The real questions are the ones that obtrude upon your consciousness whether you like it or not, the ones that make your mind start vibrating like a jackhammer, the ones that you “come to terms with” only to discover that they are still there. The real questions refuse to be placated. They barge into your life at the times when it seems most important for them to stay away. They are the questions asked most frequently and answered most inadequately, the ones that reveal their true natures slowly, reluctantly, most often against your will.
Do you “research” it? The heart cools off at the word.
For religion, the idea of God is at the beginning; for science, the idea of God is at the end. Only those who think by halves become atheists; those who go deep with their thoughts and see the marvelous relationships among universal laws recognize a creative power.
Now those guys can sit naked in the snow at 18,000 feet, and they have such powers of mental discipline that if they put their mind to it, hell, they can generate enough heat to melt snow for twenty feet around. Now you put that Tibetan priest on the mound, naked or not, with a baseball in his palm, and he’ll take that power of concentration and make the ball disappear and then materialize down the line in the catcher’s mitt. There’s my idea of a relief pitcher.
The reason we like precious jewels so much is they remind us of planes of consciousness we’ve lived on where those are the pebbles.
I’d call it love if love didn’t take so many years But lust too is a jewel. . . .
It is eternity now. I am in the midst of it. It is about me in the sunshine.
Fortunate are the nations that can build wooden houses. Because wood breathes, transforms, deteriorates, like us. It is also important to have flowers and plants where we live, because they breathe, too. Contemplating a flower for three seconds can be a captivating solitary journey back to original geometry, which is always revitalizing.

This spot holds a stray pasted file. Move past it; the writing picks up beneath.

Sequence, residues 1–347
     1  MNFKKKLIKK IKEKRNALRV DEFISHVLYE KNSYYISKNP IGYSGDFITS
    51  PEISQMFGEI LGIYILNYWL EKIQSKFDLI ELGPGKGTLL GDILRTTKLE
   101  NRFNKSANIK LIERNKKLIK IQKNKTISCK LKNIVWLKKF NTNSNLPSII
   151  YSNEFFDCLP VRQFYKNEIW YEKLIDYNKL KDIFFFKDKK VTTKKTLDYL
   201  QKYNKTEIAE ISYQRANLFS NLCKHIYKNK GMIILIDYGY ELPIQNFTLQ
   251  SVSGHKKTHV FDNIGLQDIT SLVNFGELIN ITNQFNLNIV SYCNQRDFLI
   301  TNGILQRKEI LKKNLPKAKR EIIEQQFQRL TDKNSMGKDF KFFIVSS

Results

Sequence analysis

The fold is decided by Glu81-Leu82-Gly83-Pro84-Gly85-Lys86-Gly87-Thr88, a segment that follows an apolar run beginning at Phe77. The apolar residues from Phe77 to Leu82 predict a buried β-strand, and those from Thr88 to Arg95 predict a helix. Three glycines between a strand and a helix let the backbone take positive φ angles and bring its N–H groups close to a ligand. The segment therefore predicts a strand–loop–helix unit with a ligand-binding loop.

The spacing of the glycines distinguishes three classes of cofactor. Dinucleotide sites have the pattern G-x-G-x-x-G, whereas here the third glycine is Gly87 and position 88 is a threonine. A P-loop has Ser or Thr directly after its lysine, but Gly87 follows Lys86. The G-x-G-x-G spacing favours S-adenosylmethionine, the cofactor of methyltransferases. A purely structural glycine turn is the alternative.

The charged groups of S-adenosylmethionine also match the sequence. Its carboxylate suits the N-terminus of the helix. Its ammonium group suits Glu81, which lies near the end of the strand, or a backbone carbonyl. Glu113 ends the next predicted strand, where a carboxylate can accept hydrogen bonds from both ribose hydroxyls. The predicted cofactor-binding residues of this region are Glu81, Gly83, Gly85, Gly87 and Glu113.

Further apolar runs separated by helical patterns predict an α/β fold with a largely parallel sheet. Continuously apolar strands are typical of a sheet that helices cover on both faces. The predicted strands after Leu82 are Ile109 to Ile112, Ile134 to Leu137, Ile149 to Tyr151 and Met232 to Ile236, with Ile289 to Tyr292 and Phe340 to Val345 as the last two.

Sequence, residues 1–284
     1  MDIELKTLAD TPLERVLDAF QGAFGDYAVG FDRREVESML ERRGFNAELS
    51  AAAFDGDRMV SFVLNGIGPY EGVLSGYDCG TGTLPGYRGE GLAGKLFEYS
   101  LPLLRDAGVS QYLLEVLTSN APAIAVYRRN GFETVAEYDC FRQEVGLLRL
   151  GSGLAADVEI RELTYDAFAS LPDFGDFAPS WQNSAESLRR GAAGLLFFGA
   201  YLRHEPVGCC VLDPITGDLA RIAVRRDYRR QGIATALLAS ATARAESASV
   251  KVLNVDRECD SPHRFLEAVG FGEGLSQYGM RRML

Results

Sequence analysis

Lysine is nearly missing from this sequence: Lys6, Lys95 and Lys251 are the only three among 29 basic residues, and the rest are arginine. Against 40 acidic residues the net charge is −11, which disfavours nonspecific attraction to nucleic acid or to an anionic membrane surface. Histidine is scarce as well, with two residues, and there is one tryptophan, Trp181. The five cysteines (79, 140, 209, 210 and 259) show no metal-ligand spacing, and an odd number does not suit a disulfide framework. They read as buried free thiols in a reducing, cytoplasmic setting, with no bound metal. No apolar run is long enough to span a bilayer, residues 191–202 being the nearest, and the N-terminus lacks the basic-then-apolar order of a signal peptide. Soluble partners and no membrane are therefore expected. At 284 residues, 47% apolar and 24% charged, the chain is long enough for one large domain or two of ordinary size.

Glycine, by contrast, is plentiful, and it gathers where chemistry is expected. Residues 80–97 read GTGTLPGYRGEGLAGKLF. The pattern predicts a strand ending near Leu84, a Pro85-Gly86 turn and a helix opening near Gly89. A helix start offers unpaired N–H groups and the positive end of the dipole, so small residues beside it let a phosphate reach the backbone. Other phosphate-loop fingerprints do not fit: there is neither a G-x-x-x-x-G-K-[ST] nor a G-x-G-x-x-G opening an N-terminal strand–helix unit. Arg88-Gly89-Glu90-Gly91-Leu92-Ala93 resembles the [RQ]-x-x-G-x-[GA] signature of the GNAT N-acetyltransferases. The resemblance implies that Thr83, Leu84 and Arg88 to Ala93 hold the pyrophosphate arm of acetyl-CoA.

One night when my two-and-a-half-year-old granddaughter was staying with me . . . we were at home taking a bubble bath together and singing, “Here we are taking a bubble bath, a bubble bath,” etc. All of a sudden, no one was singing and I experienced both of us looking deeply into each other’s eyes and there was no sound at all. It lasted but a few moments and I felt shivers up my spine. That was intimacy.
I always saw better when my eyes were closed.
I remember a small sharp disappointment on the death of a pet rabbit. It developed a growth in the jaw and was sent to the vet to be killed. This was explained to me and I was reconciled to its loss. But the vet on his own initiative decided to operate. He sent the animal back a week later, pronouncing it cured. I greeted it ecstatically and it died that night.
. . . between grief and nothing I will take grief.
Windows listen for announcements of broken glass.
A boy named Eddie Shell came one afternoon to play with Frank and me, and at the hour for going home did not know how to do so. This is a malady that afflicts all children, but my mother was not sure how she should handle it in Eddie’s case. She consulted us secretly as to whether he should be asked to stay for supper; we thought not, so she hinted to him that his mother might be expecting him. He was so slow in acting upon the hint that we were all in despair and began to feel guilty because we had not pressed him to stay. What I remember now is Eddie standing at last on the other side of the screen door and trying to say goodbye as if he meant it. My mother said warmly, “Well, Eddie, come and see us again.” Whereupon he opened the door and walked in.